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In Fisher's paper, he did not include the error term.

http://psychclassics.yorku.ca/Fisher/Methods/chap5.htm

But Durbin & Watson suggested the error term, and also made the matrix form of the modern version of regression.

http://scholar.google.com.hk/scholar_url?url=http://ies.fsv.cuni.cz/default/file/download/id/26916&hl=zh-TW&sa=X&scisig=AAGBfm3WtUN0lM-Oyh-uzYyDSLBt0_G54g&nossl=1&oi=scholarr&ved=0CCAQgAMoADAAahUKEwid8bqOio3HAhVDI5QKHfx5CNw

Finally, I found this sentence in Fisher's paper:

"If errors occur in the heights, this will not influence the regression of height on age, provided that at all ages positive and negative errors are equally frequent, so that they balance in the averages. "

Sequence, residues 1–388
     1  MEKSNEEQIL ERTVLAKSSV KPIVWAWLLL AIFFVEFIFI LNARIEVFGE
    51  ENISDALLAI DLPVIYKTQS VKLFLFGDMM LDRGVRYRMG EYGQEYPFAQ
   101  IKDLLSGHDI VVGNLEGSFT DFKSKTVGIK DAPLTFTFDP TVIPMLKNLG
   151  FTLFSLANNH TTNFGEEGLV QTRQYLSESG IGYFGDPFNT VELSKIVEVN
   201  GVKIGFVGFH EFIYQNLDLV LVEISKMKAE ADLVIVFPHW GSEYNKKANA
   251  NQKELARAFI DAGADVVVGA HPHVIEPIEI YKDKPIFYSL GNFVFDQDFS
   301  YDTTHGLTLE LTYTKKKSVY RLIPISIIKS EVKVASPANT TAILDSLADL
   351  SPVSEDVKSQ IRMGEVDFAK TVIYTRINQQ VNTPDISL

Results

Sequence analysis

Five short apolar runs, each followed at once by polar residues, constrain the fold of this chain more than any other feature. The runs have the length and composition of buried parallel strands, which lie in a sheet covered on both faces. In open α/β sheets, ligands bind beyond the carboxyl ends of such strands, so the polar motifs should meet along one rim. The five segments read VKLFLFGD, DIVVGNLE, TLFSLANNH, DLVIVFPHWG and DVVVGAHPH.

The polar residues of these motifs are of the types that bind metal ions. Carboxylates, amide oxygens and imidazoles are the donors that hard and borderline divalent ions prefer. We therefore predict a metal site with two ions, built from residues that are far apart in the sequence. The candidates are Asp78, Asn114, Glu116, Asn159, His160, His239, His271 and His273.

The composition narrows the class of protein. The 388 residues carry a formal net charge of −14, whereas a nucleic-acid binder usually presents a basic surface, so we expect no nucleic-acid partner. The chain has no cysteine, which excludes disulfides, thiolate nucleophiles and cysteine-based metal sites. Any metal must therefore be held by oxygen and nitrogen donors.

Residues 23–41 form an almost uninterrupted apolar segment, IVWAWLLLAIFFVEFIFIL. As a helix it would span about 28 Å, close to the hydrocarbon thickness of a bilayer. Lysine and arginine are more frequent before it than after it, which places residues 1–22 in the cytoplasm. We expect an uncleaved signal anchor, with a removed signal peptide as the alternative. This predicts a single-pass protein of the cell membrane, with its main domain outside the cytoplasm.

This means Fisher included the error term implicitly and take the average of the equation. So, the error term on average is zero in his paper. Durbin & Watson suggested the error term explicitly.

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  • $\begingroup$ So, what is your question? Are you asking what is still missing from Durbin & Watson's form? $\endgroup$ – HDE 226868 Aug 25 '15 at 19:25
  • $\begingroup$ @HDE 226868♦, I want to ask why is the modern version of regression sometimes named as “Fisher's regression”? Fisher's version is not the same as what we use today. $\endgroup$ – user2986288 Aug 26 '15 at 3:32

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